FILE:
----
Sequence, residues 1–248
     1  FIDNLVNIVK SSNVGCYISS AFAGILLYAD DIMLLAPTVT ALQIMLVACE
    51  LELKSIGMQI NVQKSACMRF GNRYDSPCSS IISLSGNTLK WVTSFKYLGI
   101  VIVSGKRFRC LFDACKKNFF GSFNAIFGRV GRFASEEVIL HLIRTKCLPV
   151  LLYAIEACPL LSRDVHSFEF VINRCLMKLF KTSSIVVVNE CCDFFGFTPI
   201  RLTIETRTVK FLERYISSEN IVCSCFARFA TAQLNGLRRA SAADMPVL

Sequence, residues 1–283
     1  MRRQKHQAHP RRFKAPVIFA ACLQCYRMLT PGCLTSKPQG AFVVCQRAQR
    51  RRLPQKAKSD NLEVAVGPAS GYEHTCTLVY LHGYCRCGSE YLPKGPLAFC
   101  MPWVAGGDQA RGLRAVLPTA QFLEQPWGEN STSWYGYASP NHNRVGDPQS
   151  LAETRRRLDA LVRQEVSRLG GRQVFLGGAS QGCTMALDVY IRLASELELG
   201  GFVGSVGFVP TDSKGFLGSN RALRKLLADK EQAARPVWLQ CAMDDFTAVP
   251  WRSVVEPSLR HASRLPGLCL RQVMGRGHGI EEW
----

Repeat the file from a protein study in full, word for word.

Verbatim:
Sequence, residues 1–248
     1  FIDNLVNIVK SSNVGCYISS AFAGILLYAD DIMLLAPTVT ALQIMLVACE
    51  LELKSIGMQI NVQKSACMRF GNRYDSPCSS IISLSGNTLK WVTSFKYLGI
   101  VIVSGKRFRC LFDACKKNFF GSFNAIFGRV GRFASEEVIL HLIRTKCLPV
   151  LLYAIEACPL LSRDVHSFEF VINRCLMKLF KTSSIVVVNE CCDFFGFTPI
   201  RLTIETRTVK FLERYISSEN IVCSCFARFA TAQLNGLRRA SAADMPVL

Sequence, residues 1–283
     1  MRRQKHQAHP RRFKAPVIFA ACLQCYRMLT PGCLTSKPQG AFVVCQRAQR
    51  RRLPQKAKSD NLEVAVGPAS GYEHTCTLVY LHGYCRCGSE YLPKGPLAFC
   101  MPWVAGGDQA RGLRAVLPTA QFLEQPWGEN STSWYGYASP NHNRVGDPQS
   151  LAETRRRLDA LVRQEVSRLG GRQVFLGGAS QGCTMALDVY IRLASELELG
   201  GFVGSVGFVP TDSKGFLGSN RALRKLLADK EQAARPVWLQ CAMDDFTAVP
   251  WRSVVEPSLR HASRLPGLCL RQVMGRGHGI EEW